Draw the PIB wavefunctions for 1,3-butadiene.© BrainMass Inc. brainmass.com October 10, 2019, 6:28 am ad1c9bdddf
1. If is an eigenfunction of the operator A, then every measurement of that property yields only 1 result - the eigenvalue of . The expectation value, being the mean value, is obviously that same value. If, however, is not an eigenfunction of A, then any given measurement will produce a result which is an eigenvalue of A. However, the average value over many measurements (the expectation value) is a weighted sum of the eigenvalues of A, the weighting factor being the square modulus of the coefficients in the expansion.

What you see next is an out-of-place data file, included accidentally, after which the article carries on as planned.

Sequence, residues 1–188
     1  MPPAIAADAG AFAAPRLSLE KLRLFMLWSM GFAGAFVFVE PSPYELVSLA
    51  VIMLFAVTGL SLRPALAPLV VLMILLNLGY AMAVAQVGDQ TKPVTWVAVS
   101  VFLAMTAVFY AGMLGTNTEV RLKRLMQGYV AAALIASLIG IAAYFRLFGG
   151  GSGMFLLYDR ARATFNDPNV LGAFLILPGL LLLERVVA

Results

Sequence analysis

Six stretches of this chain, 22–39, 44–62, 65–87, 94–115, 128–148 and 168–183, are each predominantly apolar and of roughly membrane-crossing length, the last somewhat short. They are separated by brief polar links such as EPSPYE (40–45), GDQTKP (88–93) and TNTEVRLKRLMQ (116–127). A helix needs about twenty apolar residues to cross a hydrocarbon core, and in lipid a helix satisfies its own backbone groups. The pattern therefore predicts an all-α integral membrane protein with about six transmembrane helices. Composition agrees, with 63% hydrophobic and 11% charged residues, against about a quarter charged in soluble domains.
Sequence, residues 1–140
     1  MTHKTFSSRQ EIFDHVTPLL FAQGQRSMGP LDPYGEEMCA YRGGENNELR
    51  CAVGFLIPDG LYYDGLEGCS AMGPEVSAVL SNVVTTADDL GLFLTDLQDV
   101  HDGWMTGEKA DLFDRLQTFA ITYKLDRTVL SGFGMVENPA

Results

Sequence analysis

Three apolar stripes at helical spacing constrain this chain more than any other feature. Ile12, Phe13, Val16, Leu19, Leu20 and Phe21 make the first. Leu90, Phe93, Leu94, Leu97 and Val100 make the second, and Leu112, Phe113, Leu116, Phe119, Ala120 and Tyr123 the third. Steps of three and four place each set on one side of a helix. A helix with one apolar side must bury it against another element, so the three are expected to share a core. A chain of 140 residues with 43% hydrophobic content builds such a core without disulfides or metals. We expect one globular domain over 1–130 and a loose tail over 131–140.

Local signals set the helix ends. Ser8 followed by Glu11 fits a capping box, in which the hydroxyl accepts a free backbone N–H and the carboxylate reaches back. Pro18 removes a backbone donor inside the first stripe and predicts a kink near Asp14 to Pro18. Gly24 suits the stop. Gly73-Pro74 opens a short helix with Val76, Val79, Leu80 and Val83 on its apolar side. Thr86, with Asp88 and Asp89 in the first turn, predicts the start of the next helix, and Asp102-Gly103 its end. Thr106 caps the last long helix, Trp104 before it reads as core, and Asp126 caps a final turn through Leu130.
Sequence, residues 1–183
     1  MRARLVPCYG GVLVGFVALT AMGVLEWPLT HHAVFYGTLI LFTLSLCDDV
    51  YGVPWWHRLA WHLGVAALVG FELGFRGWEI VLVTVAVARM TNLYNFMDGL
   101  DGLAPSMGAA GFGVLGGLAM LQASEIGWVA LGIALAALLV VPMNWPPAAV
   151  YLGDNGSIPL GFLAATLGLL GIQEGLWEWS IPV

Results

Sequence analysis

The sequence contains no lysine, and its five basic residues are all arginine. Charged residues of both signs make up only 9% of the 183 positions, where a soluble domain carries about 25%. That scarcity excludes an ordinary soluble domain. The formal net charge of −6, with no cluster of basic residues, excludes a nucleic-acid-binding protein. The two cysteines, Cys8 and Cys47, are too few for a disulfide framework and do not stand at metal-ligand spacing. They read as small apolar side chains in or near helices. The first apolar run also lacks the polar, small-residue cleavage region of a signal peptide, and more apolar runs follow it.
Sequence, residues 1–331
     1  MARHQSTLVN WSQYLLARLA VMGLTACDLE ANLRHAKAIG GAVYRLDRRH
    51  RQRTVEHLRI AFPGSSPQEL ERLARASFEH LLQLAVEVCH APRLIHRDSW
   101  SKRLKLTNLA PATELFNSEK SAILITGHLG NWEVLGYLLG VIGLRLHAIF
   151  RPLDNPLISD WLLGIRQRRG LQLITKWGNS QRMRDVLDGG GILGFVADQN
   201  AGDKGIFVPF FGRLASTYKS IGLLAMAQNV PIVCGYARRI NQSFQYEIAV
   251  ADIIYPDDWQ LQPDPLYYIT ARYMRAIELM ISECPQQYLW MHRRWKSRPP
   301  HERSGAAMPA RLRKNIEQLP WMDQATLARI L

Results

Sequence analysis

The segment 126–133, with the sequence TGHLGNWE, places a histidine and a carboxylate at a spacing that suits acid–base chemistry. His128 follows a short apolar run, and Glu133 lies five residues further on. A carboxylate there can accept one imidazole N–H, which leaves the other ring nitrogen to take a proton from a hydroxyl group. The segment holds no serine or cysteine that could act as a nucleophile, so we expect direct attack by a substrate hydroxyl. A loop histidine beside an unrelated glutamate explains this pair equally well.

Any experiment can only give a single result - the pointer on our "observable detect-o-meter" can only point to one value. THESE VALUES CAN ONLY EVER BE AN EIGENVALUE OF THE OPERATOR. The average of many measurements, however, will correspond to the expectation value for that ...
A few qualitative problems based on expectation value, eigenvalue, PIB functions for 1,3-butadiene are included.